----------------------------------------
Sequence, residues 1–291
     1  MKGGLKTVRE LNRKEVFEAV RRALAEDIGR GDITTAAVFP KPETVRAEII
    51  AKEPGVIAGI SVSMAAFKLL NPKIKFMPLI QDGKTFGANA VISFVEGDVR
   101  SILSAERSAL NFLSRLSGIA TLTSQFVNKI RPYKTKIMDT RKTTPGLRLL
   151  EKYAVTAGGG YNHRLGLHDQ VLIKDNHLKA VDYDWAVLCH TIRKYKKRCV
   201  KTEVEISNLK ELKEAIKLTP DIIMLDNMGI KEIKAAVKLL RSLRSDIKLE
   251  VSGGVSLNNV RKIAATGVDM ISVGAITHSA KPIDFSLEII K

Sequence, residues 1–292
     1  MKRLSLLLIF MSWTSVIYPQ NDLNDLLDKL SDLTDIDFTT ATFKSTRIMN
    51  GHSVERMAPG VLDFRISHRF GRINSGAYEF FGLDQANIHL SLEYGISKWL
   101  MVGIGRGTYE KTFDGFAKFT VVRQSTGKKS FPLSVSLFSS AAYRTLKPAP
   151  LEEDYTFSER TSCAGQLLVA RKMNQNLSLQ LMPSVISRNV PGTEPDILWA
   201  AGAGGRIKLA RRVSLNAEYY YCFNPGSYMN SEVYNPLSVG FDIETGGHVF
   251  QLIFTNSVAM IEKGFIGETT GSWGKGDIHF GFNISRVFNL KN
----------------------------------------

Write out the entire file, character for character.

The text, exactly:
Sequence, residues 1–291
     1  MKGGLKTVRE LNRKEVFEAV RRALAEDIGR GDITTAAVFP KPETVRAEII
    51  AKEPGVIAGI SVSMAAFKLL NPKIKFMPLI QDGKTFGANA VISFVEGDVR
   101  SILSAERSAL NFLSRLSGIA TLTSQFVNKI RPYKTKIMDT RKTTPGLRLL
   151  EKYAVTAGGG YNHRLGLHDQ VLIKDNHLKA VDYDWAVLCH TIRKYKKRCV
   201  KTEVEISNLK ELKEAIKLTP DIIMLDNMGI KEIKAAVKLL RSLRSDIKLE
   251  VSGGVSLNNV RKIAATGVDM ISVGAITHSA KPIDFSLEII K

Sequence, residues 1–292
     1  MKRLSLLLIF MSWTSVIYPQ NDLNDLLDKL SDLTDIDFTT ATFKSTRIMN
    51  GHSVERMAPG VLDFRISHRF GRINSGAYEF FGLDQANIHL SLEYGISKWL
   101  MVGIGRGTYE KTFDGFAKFT VVRQSTGKKS FPLSVSLFSS AAYRTLKPAP
   151  LEEDYTFSER TSCAGQLLVA RKMNQNLSLQ LMPSVISRNV PGTEPDILWA
   201  AGAGGRIKLA RRVSLNAEYY YCFNPGSYMN SEVYNPLSVG FDIETGGHVF
   251  QLIFTNSVAM IEKGFIGETT GSWGKGDIHF GFNISRVFNL KN